Designing Helpful Websites:
The Importance of Internal Search in Your Web Design
People hate it when they can’t find the information they want. And instant information access via Google Search has conditioned your web visitors to expect the same ease of access from you.
A few months ago I wrote about adding a search box to your website. Facebook, Google and even the latest computer operating systems rely on search boxes to find information and initiate actions. Your online visitors are determined to fill their information needs. If your website doesn’t help out, they’re sure to be disappointed.
And there’s nothing worse than disappointing a customer even before they become your customer.
Research compiled by Google says that 82% of visitors use internal website search to find information, and 80% take a hike if the search results are poor quality. Google published those results in 2006, the same year “google” was added to the dictionary. Imagine what those numbers are like now, after six years of technological growth and rising consumer expectations. Don’t freak out, but your website really needs to “search well” if visitors are to convert into customers. Here’s a quick way to test the usability of your website.
Take a moment and think of three important pieces of information on your website. Close your eyes, clear your mind and open up your website in a new window. Try to find one of those pieces of information.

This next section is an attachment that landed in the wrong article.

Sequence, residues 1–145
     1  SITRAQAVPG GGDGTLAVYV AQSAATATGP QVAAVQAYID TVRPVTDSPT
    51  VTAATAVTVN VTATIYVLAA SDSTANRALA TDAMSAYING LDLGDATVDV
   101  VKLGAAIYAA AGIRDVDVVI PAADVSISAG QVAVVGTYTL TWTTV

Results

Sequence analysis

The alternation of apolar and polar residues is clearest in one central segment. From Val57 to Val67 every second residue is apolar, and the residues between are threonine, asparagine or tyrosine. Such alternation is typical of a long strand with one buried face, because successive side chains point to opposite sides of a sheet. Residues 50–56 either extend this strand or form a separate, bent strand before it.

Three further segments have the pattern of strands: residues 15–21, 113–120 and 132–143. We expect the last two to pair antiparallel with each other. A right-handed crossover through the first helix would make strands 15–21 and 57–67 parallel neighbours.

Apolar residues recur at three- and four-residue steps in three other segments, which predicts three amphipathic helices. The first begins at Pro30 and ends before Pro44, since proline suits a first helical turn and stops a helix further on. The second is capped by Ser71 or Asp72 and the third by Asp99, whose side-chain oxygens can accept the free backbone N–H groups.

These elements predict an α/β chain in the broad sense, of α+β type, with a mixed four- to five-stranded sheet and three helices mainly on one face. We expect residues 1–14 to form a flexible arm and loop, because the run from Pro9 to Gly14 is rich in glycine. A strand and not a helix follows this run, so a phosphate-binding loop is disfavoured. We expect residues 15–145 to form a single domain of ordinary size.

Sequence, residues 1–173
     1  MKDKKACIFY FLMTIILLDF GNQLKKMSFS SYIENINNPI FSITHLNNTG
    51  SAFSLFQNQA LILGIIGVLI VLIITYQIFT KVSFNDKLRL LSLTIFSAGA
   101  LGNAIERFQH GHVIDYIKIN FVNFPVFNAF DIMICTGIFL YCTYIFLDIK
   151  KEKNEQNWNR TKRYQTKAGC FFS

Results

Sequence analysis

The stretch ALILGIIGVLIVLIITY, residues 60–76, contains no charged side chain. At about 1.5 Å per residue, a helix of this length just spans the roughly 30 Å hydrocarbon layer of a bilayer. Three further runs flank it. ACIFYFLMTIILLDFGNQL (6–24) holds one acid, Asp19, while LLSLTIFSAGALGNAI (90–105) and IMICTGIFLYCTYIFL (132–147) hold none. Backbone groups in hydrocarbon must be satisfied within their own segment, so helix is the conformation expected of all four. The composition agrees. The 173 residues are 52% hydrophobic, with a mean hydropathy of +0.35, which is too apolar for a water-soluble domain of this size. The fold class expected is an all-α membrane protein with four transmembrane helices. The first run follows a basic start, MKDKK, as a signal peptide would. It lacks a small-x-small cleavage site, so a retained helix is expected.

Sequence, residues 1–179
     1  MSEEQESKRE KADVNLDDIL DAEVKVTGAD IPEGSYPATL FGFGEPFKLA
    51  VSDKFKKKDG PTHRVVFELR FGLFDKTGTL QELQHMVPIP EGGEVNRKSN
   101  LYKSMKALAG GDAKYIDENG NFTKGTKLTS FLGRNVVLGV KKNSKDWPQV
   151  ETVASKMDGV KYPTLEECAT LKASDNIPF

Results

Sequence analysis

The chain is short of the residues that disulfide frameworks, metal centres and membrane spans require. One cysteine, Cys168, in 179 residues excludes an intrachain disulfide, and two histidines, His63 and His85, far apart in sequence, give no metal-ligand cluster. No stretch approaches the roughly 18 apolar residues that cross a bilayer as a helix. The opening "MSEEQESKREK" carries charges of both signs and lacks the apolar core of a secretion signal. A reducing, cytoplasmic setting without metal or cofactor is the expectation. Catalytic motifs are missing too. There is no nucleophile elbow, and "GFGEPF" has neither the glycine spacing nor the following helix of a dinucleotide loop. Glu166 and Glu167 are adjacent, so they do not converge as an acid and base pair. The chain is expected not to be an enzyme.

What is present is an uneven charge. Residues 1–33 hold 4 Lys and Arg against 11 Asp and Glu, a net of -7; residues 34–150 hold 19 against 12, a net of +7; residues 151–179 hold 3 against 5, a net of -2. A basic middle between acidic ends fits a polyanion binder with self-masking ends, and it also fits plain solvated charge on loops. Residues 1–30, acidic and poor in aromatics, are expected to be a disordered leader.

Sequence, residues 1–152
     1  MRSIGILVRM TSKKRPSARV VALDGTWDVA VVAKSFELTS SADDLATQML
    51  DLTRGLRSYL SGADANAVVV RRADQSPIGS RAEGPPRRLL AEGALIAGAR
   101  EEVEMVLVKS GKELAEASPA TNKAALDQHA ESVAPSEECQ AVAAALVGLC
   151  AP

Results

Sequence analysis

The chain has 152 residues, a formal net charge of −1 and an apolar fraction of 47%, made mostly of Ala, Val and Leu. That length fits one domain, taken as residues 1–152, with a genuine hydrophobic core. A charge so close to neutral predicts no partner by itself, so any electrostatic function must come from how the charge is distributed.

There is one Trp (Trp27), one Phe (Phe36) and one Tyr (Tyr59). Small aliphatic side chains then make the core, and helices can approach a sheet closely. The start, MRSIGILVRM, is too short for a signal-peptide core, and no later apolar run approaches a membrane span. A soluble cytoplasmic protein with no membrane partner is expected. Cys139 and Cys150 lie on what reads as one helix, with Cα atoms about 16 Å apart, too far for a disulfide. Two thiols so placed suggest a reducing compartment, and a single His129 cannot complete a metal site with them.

- How many times did you click? Try to minimize the number of clicks it takes to find essential information.
- Was the info easily found from the website’s primary navigation? Use simple, concise words for your navigation items, try to limit the number of items in drop down menus to five or six.
- If you used your search box, were the results relevant? Proper tagging, “pretty permalinks” and complete meta data are boring technical details, but they’re important to get right.
Enabling an “advanced search” option and search filters are other ways to help your visitors.
A conversation about web design is a conversation about thinking through the customer’s experience online. If your product or service is supposed to make their life easier, your website should do the same.
How does your website stack up? Check out our short eBook: Why People Hate Your Website to discover ways to improve your web design.